A law that provides medical monitoring and treatment for Sept. 11 first responders expired at midnight Wednesday due to the failure of Congress to act. For now, first responders who rushed to the World Trade Center after the 2001 terrorist attacks, worked for weeks, and now suffer from illnesses like pulmonary disease and cancers will still be able to get their health care. But in a letter to the Senate, CDC Director Tom Frieden said if the law isn't extended, the WTC Health Program "will begin to face significant operational challenges" by February. By next summer, the program's 72,000 enrolled beneficiaries will have to be notified that they may not receive health care beyond September 2016 and the program will have to start to shut down, a process Frieden says could cause patients additional stress.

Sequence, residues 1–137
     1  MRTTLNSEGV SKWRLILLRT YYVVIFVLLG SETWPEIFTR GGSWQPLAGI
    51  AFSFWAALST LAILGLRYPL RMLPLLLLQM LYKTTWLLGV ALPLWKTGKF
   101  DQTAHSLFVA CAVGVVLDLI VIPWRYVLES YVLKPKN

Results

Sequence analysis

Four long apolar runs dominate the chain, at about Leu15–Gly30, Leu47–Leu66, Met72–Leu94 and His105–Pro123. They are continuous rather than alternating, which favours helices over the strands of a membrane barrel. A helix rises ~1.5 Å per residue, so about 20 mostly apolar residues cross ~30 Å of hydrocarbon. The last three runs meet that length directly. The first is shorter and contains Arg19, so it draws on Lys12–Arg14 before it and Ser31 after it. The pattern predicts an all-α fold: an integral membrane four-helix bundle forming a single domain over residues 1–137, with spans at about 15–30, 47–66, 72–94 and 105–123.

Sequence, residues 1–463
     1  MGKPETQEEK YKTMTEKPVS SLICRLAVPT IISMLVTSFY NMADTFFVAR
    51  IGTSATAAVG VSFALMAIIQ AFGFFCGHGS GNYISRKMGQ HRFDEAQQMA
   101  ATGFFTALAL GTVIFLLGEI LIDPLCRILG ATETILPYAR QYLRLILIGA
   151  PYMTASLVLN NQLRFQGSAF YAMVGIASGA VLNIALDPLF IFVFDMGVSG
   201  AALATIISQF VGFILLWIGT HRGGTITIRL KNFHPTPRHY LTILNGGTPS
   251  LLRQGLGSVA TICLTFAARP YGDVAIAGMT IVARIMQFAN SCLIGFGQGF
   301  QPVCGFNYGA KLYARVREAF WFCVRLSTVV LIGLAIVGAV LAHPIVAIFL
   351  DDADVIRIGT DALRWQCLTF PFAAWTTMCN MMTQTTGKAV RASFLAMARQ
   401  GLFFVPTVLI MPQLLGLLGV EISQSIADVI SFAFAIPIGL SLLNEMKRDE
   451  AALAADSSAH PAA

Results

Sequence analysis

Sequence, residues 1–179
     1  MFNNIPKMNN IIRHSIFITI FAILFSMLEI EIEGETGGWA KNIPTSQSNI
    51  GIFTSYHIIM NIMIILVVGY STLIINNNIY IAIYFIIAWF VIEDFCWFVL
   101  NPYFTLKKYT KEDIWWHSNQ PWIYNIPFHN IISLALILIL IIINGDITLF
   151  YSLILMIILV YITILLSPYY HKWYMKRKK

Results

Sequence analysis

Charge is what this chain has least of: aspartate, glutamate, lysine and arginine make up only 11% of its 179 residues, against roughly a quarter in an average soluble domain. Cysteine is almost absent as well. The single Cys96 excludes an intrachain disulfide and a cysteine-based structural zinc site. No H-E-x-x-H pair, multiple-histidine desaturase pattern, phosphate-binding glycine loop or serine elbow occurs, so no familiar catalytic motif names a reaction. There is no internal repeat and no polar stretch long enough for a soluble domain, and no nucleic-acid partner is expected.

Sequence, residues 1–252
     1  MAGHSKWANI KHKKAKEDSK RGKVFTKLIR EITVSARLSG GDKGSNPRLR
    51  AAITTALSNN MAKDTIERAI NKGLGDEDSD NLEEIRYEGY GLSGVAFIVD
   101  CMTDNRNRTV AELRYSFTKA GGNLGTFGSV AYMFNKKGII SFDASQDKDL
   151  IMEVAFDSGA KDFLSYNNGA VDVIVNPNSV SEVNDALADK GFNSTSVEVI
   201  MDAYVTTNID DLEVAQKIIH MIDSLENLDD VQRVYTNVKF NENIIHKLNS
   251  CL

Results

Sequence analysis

The Zadroga Act, named for a responder who died after working at Ground Zero, first became law in 2010 after a debate over the cost. Proponents seek the law's permanent extension in part because some illnesses may not manifest until years later, after the statute of limitations for worker's comp or certain state laws may have run out. House Republicans have been supportive of the program but oppose its permanent extension because they want to be able to periodically review it and make sure it's operating soundly; the Senate hasn't moved a bill. Letting the program expire creates "enormous anxieties and fears in the minds of very sick people," says Sen. Kirsten Gillibrand, D-NY, who's been lobbying to make the program permanent and recently was joined by comedian Jon Stewart. "People are dying and suffering, and Congress can easily close this wound," says one leading advocate. "But they continue to add salt to it."